In the New York Times, November 16, 20016
(Note: In this piece two knowledgeable persons are arguing: one to continue the electoral college and the other to abolish it. States are very important as far as federalism is concerned. But when it comes to electing a president, who is to be the guardian, protector and promoter of every individual in the country irrespective of his/her class, creed, color, community, educational, social or financial status in society, country of country of origin are concerned, every person in the country should have a direct say in electing him/her. Each citizen should be able to say with pride, this elected person is “My president”.
This is what we, the CCV understand by electing the top executive of a country through direct democracy, through a voting system in which every individual participates or is given a chance to participate. Here the only necessary requirement fixed should be one should have completed a fixed age, say 18 as the case in India. India’s is a parliamentary democracy where the winning party elect the Prime Minister. Yet it had some features of American democracy since Modi was projected as the PM from the very beginning. Yet the party got only 31% of the popular votes cast, making it in effect a minority government.
The tragic comedy in US election is that Donald Trump is elected president on the strength of 290 electoral votes against 232 Hilary got, although Hilary beat Trump hollow, by capturing more than 2.8 million popular votes. Which means in popularity contest she is the run away winner who can now be jailed by the short or lost runner in the presidential chair, Trump. It only means that both India and US have a long way to go to become people’s democracies, rulled by the will of the majority in the country. james kottoor, editor)
Hillary Clinton’s growing lead over Donald J. Trump is now over 1 million votes, making this the second time a president has been elected without a popular majority since 2000. That year, Akhil Reed Amar wrote in an op-ed for The New York Times that the Electoral College should be abolished, and Charles Fried disagreed. Here they are again.
This is part of the Issues for Trump and America series.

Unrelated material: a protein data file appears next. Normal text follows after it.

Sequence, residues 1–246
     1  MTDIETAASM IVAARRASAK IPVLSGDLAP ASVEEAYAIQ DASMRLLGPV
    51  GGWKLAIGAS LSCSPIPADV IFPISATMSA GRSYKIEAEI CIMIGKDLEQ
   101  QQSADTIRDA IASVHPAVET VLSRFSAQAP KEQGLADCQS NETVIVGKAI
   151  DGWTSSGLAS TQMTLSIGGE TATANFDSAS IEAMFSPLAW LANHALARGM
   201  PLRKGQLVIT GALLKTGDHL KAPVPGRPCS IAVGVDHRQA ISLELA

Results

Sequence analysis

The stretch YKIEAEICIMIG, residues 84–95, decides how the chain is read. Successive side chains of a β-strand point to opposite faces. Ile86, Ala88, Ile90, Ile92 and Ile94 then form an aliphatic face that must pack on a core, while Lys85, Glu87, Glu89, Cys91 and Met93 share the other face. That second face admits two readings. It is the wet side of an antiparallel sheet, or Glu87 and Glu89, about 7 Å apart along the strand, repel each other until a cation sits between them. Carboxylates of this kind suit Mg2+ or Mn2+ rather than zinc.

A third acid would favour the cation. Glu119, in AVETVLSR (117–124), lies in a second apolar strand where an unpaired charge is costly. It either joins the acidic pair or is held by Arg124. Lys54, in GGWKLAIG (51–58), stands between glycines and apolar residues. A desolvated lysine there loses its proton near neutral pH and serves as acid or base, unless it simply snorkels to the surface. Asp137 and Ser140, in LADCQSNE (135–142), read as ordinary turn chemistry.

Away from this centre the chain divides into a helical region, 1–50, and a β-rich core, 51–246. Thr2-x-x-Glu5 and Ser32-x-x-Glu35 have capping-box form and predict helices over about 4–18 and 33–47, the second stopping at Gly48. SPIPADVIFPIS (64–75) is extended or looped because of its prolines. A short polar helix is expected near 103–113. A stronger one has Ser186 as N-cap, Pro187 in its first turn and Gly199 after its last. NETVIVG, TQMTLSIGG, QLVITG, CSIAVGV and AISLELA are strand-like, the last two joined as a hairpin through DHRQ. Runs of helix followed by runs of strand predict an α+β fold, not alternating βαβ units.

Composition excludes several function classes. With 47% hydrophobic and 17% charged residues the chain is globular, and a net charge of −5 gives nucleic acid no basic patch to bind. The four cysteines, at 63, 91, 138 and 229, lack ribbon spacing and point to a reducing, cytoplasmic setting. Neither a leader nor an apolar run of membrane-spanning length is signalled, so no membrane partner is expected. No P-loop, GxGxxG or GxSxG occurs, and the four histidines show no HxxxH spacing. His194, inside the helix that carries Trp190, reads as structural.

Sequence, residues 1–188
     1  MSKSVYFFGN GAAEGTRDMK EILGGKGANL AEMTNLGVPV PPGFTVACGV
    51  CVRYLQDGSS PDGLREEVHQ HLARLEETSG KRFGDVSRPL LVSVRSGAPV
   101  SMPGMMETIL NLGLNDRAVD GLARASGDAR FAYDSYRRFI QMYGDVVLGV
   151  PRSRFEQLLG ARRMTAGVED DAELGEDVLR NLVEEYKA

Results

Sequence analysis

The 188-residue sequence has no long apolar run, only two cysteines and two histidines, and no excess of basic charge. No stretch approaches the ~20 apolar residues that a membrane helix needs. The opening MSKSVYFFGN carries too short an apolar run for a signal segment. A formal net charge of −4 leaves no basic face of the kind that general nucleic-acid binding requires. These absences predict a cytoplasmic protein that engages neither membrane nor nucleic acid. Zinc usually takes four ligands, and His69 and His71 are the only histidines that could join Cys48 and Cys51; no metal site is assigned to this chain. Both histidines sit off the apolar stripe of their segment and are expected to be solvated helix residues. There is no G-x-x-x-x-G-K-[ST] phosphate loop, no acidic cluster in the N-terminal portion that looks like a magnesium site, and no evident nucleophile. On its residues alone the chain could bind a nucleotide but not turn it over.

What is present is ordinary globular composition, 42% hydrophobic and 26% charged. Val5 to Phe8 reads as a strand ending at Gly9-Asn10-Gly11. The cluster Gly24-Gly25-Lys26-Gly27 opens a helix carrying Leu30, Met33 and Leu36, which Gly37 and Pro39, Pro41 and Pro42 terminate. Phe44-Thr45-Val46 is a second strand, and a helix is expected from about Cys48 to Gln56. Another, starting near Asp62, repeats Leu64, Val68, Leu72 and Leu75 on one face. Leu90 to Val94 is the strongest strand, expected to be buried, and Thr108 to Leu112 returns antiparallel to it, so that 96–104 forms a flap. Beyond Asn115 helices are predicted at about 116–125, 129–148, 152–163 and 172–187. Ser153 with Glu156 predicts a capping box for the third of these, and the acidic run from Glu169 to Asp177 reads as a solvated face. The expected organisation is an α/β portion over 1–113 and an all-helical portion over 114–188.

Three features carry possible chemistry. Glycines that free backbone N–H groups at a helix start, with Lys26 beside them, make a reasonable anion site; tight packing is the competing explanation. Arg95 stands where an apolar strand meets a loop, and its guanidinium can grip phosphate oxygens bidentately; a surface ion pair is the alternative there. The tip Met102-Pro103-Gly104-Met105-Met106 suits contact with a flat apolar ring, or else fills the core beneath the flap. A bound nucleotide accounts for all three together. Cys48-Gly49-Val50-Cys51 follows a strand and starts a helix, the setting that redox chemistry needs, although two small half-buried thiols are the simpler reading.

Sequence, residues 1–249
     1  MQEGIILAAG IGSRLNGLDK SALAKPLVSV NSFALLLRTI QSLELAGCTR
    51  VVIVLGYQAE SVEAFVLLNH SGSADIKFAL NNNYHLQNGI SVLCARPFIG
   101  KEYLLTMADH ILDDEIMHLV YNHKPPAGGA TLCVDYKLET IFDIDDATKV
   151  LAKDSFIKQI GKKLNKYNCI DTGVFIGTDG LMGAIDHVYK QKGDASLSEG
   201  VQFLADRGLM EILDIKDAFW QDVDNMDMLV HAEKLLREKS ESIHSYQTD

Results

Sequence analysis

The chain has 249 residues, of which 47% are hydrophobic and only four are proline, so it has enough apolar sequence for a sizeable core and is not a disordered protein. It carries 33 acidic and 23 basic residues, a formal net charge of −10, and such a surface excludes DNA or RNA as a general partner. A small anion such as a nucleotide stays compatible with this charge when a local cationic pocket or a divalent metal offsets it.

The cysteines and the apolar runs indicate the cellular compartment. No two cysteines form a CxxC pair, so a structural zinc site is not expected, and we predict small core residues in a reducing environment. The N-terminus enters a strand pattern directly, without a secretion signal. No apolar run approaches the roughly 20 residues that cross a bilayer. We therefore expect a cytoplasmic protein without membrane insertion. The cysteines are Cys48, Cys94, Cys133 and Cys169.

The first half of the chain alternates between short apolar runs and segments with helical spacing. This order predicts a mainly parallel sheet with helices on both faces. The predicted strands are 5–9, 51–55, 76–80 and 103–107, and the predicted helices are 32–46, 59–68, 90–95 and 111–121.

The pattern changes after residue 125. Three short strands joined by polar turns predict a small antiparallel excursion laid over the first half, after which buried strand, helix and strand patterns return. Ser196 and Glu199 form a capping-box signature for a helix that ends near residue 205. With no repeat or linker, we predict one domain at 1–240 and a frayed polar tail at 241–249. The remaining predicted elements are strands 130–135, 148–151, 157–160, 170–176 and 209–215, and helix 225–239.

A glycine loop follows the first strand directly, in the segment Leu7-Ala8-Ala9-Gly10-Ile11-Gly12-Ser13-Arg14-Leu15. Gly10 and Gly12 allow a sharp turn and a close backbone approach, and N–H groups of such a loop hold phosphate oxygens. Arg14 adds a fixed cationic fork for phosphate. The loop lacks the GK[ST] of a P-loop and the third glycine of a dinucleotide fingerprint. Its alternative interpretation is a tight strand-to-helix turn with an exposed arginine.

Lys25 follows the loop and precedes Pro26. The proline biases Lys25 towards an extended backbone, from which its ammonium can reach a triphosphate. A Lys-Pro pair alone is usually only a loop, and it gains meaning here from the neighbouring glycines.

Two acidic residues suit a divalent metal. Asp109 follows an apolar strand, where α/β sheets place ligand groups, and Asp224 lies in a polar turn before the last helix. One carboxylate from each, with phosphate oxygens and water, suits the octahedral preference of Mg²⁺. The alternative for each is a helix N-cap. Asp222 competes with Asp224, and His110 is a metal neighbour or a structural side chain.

Charles Fried is a law professor at Harvard Law School. He was solicitor general of the United States from 1985 to 1989.
Electoral College Is Important Because It Reflects the Will of the States
We have a direct democracy: Senators, representatives and members of the Electoral College are all elected directly by the people. They do not, however, elect the president directly. This is a feature of the kind of government we have chosen from the beginning in which the states are important subsidiary (in some instances, primary) units of government.
Sometimes there will be a divergence between who is chosen by the Electoral College and who wins the popular vote, and that disparity can act as a caution to the elected president. But when the elected president's party controls the House and Senate, caution is less likely.
Even after a civil war and two world wars, the states control a large measure of the laws, administration and finance that have an impact on the lives of ordinary citizens. The states have their own political cultures, personalities and traditions which persist in spite of our far more transient population, an interconnected national economy and national news media.
In order to reflect this mode of governance, the interactions between the national government and the states in important matters often utilize the local units and personnel. The notion is that the states are not simply administrative units of the national government or its local offices. In that context it is quite appropriate that the head of state is elected state-by-state, albeit by popular vote in each state. That way at the most focused democratic moment, every four years the candidates and parties must take the states into account.
And sometimes it will happen that, as this year, there will be a significant divergence — millions of votes — between who is chosen by the Electoral College and the winner of the overall popular vote. Sometimes that disparity can act as a caution to the elected president, but where the House and Senate are in the hands of the elected president's party that caution is less likely to operate.